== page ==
Rivals tag Whig Hall with graffiti
Whig Hall was vandalized with graffiti Sunday night in an apparent attempt by Rutgers students to revive the school's once-contentious rivalry with Princeton.
Public Safety officers discovered the writing on the western wall of the 113-year-old home to the University's debating society around midnight during a routine campus patrol.
Scribbled in bright red spray paint, the message read, "WE WANT A GAME 1869 RUTGERS BB2," a reference to Rutgers' victory over Princeton in the first-ever intercollegiate football game.
Facilities department workers cleaned the graffiti late Monday afternoon.
University spokeswoman Cass Cliatt '96 said that Public Safety spotted the marks on Whig Hall before noticing students on Cannon Green in front of the building.
The students, who Cliatt identified as Princetonians, were near the Revolutionary War cannon that has baited the Rutgers-Princeton rivalry for more than 150 years.
Cliatt said the officers "encountered students respraying the cannon black ... to cover over the red sprayed there by Rutgers." The students said they had not witnessed anyone defacing Whig Hall or the cannon, and Public Safety could find no other witnesses.
She added that Public Safety's investigation is ongoing, though the incident is "very straightforward," with no known witnesses.
Whig Hall is home to the Whig-Cliosophic Society, an umbrella organization for student political groups including Princeton Model Congress and the International Relations Council.
Whig-Clio computing coordinator George Lan '09 said he notified other society officers after spying the graffiti on his way to class from his dorm room in Blair Hall. "I'm surprised other people didn't notice it earlier," he said, "since I was shocked to see it at 2 or 2:30 in the afternoon."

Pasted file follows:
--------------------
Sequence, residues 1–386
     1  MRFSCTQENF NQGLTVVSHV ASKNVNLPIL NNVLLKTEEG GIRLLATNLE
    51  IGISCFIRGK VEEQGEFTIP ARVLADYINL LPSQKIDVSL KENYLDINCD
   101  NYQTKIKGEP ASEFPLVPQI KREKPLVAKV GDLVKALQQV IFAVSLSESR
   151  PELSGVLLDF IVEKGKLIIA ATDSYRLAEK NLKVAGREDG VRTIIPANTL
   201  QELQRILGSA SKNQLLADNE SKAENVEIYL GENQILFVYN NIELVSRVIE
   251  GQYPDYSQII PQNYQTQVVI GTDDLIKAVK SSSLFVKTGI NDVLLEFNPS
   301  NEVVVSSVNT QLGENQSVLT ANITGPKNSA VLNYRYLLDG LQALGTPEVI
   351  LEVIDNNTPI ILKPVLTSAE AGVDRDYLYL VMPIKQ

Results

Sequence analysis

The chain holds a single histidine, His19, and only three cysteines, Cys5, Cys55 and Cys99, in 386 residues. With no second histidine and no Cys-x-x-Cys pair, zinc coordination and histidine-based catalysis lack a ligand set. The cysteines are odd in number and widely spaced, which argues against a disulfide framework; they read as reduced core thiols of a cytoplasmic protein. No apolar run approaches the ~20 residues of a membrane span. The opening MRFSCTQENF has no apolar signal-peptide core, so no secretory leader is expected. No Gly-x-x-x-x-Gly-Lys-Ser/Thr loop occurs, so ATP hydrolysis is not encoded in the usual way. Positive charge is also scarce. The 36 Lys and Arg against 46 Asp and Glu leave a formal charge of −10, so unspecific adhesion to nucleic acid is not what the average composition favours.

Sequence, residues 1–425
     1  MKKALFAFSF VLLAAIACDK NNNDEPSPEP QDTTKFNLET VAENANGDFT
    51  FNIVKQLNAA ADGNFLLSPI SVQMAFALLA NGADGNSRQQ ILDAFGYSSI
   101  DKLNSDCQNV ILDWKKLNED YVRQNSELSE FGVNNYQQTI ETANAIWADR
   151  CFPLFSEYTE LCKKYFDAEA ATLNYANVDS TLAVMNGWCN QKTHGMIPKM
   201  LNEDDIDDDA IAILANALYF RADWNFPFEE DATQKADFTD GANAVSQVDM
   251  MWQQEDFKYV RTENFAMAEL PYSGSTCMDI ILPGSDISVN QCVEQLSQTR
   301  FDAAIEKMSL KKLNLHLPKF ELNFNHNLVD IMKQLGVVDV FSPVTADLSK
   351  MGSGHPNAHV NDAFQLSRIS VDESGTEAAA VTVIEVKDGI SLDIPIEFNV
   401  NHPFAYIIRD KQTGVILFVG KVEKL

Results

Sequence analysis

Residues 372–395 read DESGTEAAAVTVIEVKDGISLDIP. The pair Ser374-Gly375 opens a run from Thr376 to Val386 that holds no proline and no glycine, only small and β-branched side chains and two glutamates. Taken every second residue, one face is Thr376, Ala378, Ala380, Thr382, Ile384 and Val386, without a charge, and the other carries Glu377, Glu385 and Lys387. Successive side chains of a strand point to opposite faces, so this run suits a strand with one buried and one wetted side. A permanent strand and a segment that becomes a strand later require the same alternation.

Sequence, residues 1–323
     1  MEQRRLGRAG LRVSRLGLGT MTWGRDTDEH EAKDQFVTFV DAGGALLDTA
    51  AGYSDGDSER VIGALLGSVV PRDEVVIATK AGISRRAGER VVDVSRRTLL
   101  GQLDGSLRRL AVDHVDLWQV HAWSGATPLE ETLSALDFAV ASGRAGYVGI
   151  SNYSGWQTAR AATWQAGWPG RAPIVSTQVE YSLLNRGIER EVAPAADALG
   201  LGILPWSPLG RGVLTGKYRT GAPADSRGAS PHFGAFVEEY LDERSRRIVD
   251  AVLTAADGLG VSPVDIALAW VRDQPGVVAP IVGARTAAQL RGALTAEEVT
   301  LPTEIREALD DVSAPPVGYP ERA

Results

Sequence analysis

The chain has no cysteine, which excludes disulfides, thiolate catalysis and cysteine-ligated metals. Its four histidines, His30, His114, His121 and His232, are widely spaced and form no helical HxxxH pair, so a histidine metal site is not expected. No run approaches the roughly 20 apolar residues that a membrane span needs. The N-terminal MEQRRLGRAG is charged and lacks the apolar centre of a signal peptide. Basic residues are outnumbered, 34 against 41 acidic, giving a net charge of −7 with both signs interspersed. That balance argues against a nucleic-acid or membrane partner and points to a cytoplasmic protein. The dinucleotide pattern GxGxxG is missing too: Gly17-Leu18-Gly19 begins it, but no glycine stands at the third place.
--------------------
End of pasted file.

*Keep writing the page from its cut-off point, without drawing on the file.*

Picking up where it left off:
Whig-Clio co-president Aaron Spolin '08 said that while he did not personally see the graffiti, he was "disappointed about it. Though [the message] has nothing to do with Whig-Clio, it's still upsetting to know our building was hit."
Spolin added that he thought the building was targeted because of its central location and accessibility to visitors. "Whig is the sort of building on campus that people notice ... the building was probably just obvious to people from Rutgers."
The society uses Whig Hall to host a number of student events. Clio Hall houses the graduate school's offices as well as the undergraduate admissions lobby.
According to legend, the Revolutionary War cannon was abandoned in Princeton at the end of the conflict, but was moved to New Brunswick — home of Rutgers' main campus — during the War of 1812. Over the course of a few years in the 1840s, local militia and Princeton students brought the cannon back to Princeton, eventually burying it in the center of the grassy area in front of Whig and Clio and behind Nassau Hall.
Though Rutgers students occasionally succeed in painting the cannon red, Princeton students — like those caught by Public Safety on Sunday — typically repaint it black, with orange numbers for the current senior class.
Correction appendedThe original version of this story incorrectly reported that Whig Hall is owned by the American Whig-Cliosophic Society. In fact, the building is owned by the University.
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